April 03, 2008

#01-093: Talking about Ancestors

very elaborate family tree, with illustrations of the individuals on it, going back five generations, all surrounded by angels and other Renaissance figures
A rich duke's family tree

Note: You may know how to talk about your grandfathers and your grandmothers. But what about the people before them? Learn more exact terminology for discussing your ancestors.

Get Ready: How many of your ancestors can you name?

On April 4th or 5th, Chinese people celebrate the Qing Ming Festival, a day for honoring one's ancestors by sweeping and decorating their graves. Let's talk about ways to discuss one's ancestors.

The first thing we need to look at is the word "ancestor" itself. We seldom use this to refer to people we knew personally. I would say, "My grandfather was a Dixieland musician," not "My ancestor was..." or "One of my ancestors was." He's too closely-related for me to use such a distant term.

In fact, if we know the relationship--even if we didn't know the person--we usually say it: "My great-great-grandfather James immigrated to the U.S." We reserve "ancestor" for when we aren't certain who it was ("One of my ancestors came from Africa,") or when we are talking about a group ("most of my ancestors came from the British Isles.")

Now, you probably know "grandfather" and "grandmother." Usually that's enough. But if we want to be specific, there are two common ways to say which grandfather or grandmother. I can say, "My paternal grandfather was a Dixieland musician," or more directly (but less elegantly) "My dad's dad (or father's father, etc.) was..." "Paternal" means "of the father," and "maternal" of the mother.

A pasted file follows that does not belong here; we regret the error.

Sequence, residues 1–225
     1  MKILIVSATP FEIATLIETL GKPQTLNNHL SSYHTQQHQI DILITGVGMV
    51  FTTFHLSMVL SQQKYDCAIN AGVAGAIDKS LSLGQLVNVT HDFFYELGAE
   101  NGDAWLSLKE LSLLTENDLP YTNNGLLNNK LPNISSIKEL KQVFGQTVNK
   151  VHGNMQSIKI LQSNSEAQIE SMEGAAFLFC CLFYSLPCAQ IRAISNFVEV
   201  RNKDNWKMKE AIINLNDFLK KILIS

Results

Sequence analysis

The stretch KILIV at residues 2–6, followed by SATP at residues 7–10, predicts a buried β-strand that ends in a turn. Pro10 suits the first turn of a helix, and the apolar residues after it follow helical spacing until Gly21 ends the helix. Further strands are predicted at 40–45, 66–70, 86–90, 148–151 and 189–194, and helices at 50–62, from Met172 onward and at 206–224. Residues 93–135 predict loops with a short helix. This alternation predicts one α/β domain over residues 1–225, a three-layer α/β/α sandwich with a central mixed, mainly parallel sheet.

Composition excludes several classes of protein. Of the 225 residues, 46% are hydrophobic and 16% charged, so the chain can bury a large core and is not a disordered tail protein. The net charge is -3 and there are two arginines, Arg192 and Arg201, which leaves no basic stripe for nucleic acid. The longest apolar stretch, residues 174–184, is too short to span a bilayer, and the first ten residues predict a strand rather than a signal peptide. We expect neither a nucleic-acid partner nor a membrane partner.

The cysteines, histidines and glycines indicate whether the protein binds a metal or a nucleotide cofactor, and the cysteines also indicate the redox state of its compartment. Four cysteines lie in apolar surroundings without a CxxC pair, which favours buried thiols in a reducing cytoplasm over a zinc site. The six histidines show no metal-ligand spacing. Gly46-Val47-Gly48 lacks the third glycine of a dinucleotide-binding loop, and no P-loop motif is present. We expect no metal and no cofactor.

Beyond that relationship, we use "greats." My grandparent's parent is my great-grandparent; his/her parent is my great-great-grandparent; and so on. (Beyond that we usually don't know exactly, so often end up saying "ancestor"!)

Now, which great-great-grandparent? There is no common vocabulary for this, so we end up describing it in more words: "My maternal grandmother's mothers' father" or maybe "My maternal grandmother's maternal grandfather," but most will find this confusing. We might even say, "My mom's mom's mom's dad," perhaps counting on our fingers as we go!

Like many Americans, I'm a "mongrel," with ancestors from all over the place. My father's maternal grandmother (my paternal grandmother's mother, my dad's mom's mom) was born in America, but never spoke English, only French. At least one of my paternal ancestors was brought from Africa as a slave; my mother's side is mostly from the British Isles, with such white-bread names as Thompson, Stevens, Fletcher, Hodge, and White.

So, like many, I have a colorful genealogy. We have nothing like "tomb-sweeping" in America: although I lived most of my life in the city where my grandparents are buried, I've never been to their graves. To get to all of my ancestors' graves, I'd need to travel on three continents. But first I'd have to figure out who they all are!


Read more: https://en.wikipedia.org/wiki/Ancestor

Practice: Match the term to its definition below:

  1. ancestor
  2. genealogy
  3. grandfather
  4. great-grandparent
  5. great-great-grandparent
  6. maternal
  7. mongrel
  8. paternal

  1. grand-parent's parent
  2. of mixed breed; insulting when said of humans
  3. someone four generations back
  4. someone who came before us, but usually we don't know many details
  5. of one's mother
  6. study of one's "family tree"
  7. mother's or father's father
  8. of one's father

Answers are in the first comment below.

Submitted to the Shenzhen Daily for April 3, 2008, just before my Chinese students would be honoring their ancestors.

1 comment:

  1. Answers to the Practice: 1. d; 2. f; 3. g; 4. a; 5. c; 6. e; 7. b; 8. h